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Hoffmann, R. A wiki for the life sciences where authorship matters. Nature Genetics (2008)

Maleylacetoacetate isomerase (MAAI/GSTZ)-deficient mice reveal a glutathione-dependent nonenzymatic bypass in tyrosine catabolism.

In mammals, the catabolic pathway of phenylalanine and tyrosine is found in liver (hepatocytes) and kidney (proximal tubular cells). There are well-described human diseases associated with deficiencies of all enzymes in this pathway except for maleylacetoacetate isomerase (MAAI), which converts maleylacetoacetate (MAA) to fumarylacetoacetate ( FAA). MAAI is also known as glutathione transferase zeta ( GSTZ1). Here, we describe the phenotype of mice with a targeted deletion of the MAAI ( GSTZ1) gene. MAAI-deficient mice accumulated FAA and succinylacetone in urine but appeared otherwise healthy. This observation suggested that either accumulating MAA is not toxic or an alternate pathway for MAA metabolism exists. A complete redundancy of MAAI could be ruled out because substrate overload of the tyrosine catabolic pathway (administration of homogentisic acid, phenylalanine, or tyrosine) resulted in renal and hepatic damage. However, evidence for a partial bypass of MAAI activity was also found. Mice doubly mutant for MAAI and fumarylacetoacetate hydrolase ( FAH) died rapidly on a normal diet, indicating that MAA could be isomerized to FAA in the absence of MAAI. Double mutants showed predominant renal injury, indicating that this organ is the primary target for the accumulated compound(s) resulting from MAAI deficiency. A glutathione-mediated isomerization of MAA to FAA independent of MAAI enzyme was demonstrated in vitro. This nonenzymatic bypass is likely responsible for the lack of a phenotype in nonstressed MAAI mutant mice.[1]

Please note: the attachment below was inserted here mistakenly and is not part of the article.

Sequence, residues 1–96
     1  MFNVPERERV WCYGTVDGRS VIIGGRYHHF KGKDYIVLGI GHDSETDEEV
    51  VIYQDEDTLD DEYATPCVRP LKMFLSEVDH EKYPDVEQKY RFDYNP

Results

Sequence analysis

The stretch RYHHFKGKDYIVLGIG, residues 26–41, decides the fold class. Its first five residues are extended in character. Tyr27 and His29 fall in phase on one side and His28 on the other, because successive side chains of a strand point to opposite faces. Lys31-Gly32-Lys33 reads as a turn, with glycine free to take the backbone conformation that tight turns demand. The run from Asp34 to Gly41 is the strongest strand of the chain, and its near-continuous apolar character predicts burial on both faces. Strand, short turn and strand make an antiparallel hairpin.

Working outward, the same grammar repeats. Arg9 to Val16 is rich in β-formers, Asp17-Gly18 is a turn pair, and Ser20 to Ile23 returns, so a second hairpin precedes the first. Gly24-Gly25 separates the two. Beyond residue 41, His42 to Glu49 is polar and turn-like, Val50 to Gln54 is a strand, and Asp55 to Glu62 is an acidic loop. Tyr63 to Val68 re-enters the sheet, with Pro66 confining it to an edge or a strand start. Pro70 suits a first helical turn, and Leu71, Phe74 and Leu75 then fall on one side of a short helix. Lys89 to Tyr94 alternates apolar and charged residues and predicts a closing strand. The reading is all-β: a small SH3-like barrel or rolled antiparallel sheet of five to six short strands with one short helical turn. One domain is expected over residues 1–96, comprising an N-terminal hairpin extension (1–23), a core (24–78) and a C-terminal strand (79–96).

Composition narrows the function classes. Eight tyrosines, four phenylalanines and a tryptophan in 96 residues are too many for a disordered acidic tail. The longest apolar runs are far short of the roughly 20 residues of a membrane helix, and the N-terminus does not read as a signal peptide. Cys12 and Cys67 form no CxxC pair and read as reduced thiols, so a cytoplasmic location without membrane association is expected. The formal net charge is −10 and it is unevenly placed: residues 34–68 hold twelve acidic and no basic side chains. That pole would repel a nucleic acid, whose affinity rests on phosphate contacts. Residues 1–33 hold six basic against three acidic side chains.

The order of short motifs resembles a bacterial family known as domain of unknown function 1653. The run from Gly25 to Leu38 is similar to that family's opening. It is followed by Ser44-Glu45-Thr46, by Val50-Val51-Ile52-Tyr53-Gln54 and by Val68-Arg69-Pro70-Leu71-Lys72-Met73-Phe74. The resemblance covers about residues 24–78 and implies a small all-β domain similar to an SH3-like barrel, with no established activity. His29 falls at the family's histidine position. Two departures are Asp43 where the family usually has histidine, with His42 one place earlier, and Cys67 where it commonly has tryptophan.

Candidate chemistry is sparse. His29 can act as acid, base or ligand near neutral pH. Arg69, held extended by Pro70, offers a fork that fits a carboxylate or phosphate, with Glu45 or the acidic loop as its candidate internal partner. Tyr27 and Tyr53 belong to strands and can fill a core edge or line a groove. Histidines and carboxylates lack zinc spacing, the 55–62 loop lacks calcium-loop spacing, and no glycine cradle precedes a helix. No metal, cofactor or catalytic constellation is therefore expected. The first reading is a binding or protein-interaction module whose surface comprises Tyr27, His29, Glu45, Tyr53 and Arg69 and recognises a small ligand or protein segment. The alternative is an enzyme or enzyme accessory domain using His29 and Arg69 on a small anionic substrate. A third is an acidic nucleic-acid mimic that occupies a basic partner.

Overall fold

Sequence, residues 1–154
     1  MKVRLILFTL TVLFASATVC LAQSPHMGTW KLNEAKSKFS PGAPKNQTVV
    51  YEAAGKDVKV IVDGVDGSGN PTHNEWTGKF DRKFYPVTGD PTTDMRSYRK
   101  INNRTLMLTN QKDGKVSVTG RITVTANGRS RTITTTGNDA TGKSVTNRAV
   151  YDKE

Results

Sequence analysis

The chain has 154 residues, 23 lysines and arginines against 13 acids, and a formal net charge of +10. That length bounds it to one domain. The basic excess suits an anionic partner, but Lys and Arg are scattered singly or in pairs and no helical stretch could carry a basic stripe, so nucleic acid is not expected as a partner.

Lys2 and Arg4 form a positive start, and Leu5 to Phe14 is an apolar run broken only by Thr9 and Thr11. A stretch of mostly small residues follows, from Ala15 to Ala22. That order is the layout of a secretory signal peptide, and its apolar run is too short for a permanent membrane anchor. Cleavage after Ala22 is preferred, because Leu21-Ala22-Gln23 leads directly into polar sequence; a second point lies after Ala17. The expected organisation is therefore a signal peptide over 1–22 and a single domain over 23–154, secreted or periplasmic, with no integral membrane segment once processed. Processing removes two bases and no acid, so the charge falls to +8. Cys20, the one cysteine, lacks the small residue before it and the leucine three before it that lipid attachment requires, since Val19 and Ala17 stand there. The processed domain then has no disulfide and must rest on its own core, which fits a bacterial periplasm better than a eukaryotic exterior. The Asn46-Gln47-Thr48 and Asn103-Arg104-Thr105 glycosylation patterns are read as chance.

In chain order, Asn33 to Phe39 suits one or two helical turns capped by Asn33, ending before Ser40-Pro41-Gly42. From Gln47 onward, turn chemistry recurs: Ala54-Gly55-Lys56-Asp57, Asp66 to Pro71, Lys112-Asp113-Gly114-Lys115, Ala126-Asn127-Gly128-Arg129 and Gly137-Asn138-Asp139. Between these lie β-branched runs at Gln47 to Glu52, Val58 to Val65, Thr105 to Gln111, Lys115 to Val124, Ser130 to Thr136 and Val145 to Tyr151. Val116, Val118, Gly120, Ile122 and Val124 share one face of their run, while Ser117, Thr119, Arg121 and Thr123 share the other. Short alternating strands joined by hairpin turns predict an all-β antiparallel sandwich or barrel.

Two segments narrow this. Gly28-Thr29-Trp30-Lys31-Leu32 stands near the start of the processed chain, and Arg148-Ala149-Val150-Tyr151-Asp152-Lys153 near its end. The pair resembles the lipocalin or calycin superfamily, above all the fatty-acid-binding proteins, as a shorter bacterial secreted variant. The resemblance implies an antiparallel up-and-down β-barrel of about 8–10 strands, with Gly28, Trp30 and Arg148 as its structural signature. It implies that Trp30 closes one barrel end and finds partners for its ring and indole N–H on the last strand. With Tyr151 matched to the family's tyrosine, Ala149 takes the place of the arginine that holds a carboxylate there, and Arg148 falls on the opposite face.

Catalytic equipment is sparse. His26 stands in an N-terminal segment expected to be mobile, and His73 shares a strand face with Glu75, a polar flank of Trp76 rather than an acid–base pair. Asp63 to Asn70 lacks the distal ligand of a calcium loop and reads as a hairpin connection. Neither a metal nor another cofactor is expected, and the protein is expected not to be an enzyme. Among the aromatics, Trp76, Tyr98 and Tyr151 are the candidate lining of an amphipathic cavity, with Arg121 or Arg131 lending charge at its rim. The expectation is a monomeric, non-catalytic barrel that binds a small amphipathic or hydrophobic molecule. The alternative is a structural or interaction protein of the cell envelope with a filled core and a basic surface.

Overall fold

1. Maleylacetoacetate isomerase (MAAI/GSTZ)-deficient mice reveal a glutathione-dependent nonenzymatic bypass in tyrosine catabolism. Fernández-Cañón, J.M., Baetscher, M.W., Finegold, M., Burlingame, T., Gibson, K.M., Grompe, M. Mol. Cell. Biol. (2002) [Pubmed]
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